Wall Street closes lower as shutdown worries overshadow vaccine hopes
By Stephen Culp NEW YORK (Reuters) - U.S. stocks lost substantial ground at the close of a see-saw session on Wednesday as investors weighed encouraging vaccine developments against surging COVID-19 infections and lockdowns
By Stephen Culp
NEW YORK (Reuters) - U.S. stocks lost substantial ground at the close of a see-saw session on Wednesday as investors weighed encouraging vaccine developments against surging COVID-19 infections and lockdowns.
While all three major U.S. stock indexes closed in the red, surging Tesla Inc
"It's a confused market because portfolio managers don't know which time period to focus on," said Tim Ghriskey, chief investment strategist at Inverness Counsel in New York. "It's this trade-off between the near term over the six to nine months of continued spread of the virus and the period after that when everyone's vaccinated and the virus is eradicated."
"There's a lot of issues out there but the decided bias has been toward value and cyclicals," Ghriskey added.
Market participants have been greeting vaccine developments with guarded optimism as global new infections soar to record levels, raising the possibility of increased restrictions as the economy struggles to recover from recession. The United States remains the country worst affected by the pandemic.
Unofficially, the Dow Jones Industrial Average <.DJI> fell 345.91 points, or 1.16%, to 29,437.44, the S&P 500 <.SPX> lost 41.81 points, or 1.16%, to 3,567.72 and the Nasdaq Composite <.IXIC> dropped 97.74 points, or 0.82%, to 11,801.60.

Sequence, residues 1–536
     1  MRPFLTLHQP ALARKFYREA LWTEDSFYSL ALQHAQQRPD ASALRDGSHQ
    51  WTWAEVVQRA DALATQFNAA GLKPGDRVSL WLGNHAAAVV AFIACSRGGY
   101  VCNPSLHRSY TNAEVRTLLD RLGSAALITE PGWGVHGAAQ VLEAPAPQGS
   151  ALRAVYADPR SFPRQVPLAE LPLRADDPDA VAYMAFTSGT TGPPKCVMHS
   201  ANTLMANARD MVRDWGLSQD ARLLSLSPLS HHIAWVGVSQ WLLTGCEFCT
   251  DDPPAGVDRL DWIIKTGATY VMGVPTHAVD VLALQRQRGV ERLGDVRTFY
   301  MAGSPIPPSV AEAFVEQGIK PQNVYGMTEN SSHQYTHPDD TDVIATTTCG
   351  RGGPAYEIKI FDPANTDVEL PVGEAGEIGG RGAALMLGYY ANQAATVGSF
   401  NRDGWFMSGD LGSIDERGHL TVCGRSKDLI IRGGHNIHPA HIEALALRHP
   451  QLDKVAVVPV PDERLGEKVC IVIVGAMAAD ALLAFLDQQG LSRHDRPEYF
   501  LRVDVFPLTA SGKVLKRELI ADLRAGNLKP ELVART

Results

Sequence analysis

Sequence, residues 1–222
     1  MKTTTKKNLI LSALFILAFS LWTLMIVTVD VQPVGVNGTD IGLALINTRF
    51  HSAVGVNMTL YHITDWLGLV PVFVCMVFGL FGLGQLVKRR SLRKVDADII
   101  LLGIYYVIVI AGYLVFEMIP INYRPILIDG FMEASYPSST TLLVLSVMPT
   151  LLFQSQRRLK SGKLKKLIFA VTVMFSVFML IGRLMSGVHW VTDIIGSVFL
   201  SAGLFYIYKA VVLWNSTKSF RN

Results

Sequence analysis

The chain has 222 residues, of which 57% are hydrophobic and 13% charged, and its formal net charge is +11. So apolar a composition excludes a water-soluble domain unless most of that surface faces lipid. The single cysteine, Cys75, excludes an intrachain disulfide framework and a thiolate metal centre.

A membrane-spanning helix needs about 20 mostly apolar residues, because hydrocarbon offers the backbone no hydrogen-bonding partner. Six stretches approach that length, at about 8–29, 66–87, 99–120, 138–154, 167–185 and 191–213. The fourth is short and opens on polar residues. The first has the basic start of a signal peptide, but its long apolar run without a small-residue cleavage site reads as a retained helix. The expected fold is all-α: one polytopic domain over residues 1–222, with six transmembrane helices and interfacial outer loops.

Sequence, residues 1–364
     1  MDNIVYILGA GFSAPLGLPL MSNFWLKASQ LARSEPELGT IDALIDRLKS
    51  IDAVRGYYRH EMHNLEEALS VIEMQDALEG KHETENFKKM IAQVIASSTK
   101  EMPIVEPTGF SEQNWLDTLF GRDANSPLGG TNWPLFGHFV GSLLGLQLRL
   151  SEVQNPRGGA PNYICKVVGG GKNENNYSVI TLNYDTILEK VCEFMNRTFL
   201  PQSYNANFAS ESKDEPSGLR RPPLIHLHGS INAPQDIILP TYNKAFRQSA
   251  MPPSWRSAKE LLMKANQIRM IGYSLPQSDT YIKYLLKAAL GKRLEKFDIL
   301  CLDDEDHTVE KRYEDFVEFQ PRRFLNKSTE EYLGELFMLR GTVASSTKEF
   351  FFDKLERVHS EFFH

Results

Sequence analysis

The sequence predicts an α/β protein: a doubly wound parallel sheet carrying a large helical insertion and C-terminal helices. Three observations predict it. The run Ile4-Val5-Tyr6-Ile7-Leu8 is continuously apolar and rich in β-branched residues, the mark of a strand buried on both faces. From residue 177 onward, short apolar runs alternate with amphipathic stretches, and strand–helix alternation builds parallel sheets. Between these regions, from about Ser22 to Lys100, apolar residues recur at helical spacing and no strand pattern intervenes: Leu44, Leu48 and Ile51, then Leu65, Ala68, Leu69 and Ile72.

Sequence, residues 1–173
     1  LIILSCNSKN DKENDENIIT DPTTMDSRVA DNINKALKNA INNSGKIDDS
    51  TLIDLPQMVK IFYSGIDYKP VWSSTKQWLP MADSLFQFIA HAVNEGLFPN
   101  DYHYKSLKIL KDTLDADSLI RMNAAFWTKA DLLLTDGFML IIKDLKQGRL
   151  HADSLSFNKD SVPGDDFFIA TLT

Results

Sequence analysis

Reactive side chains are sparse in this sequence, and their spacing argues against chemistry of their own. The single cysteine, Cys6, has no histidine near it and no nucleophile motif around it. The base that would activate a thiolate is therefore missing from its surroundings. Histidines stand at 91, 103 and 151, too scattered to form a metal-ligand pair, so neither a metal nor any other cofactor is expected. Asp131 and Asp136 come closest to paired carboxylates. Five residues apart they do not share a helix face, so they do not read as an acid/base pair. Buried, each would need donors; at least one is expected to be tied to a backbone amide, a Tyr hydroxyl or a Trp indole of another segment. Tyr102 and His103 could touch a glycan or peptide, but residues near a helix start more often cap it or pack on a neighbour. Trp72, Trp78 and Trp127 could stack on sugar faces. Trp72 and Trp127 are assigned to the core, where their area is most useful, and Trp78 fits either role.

Third-quarter reporting season has reached the final inning, with 468 of the companies in the S&P 500 having reported. Of those, 84.4% have surprised consensus to the upside, according to Refinitiv.
Shares of Target Corp
Lowe's Companies Inc
(Reporting by Stephen Culp; Editing by Tom Brown)
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By Robin Emmott and John Irish | BRUSSELS/PARIS BRUSSELS/PARIS France and Germany will agree to a U.S. plan for NATO to take a bigger role in the fight against Islamic militants at a meeting with President Donald Trump on Thursday, but insist the move is purely symbolic, four senior European diplomats said.The decision to allow the North Atlantic Treaty Organization to join the coalition against Islamic State in Syria and Iraq follows weeks of pressure on the two allies, who are wary of NATO confronting Russia in Syria and of alienating Arab countries who see NATO as pushing a pro-Western agenda."NATO as an institution will join the coalition," said one senior diplomat involved in the discussions. "The question is whether this just a symbolic gesture to the United States
BEIJING Chinese President Xi Jinping on Wednesday called for greater efforts to make the country's navy a world class one, strong in operations on, below and above the surface, as it steps up its ability to project power far from its shores.China's navy has taken an increasingly prominent role in recent months, with a rising star admiral taking command, its first aircraft carrier sailing around self-ruled Taiwan and a new aircraft carrier launched last month.With President Donald Trump promising a US shipbuilding spree and unnerving Beijing with his unpredictable approach on hot button issues including Taiwan and the South and East China Seas, China is pushing to narrow the gap with the U.S. Navy.Inspecting navy headquarters, Xi said the navy should "aim for the top ranks in the world", the Defence Ministry said in a statement about his visit."Building a strong and modern navy is an important mark of a top ranking global military," the ministry paraphrased Xi as saying.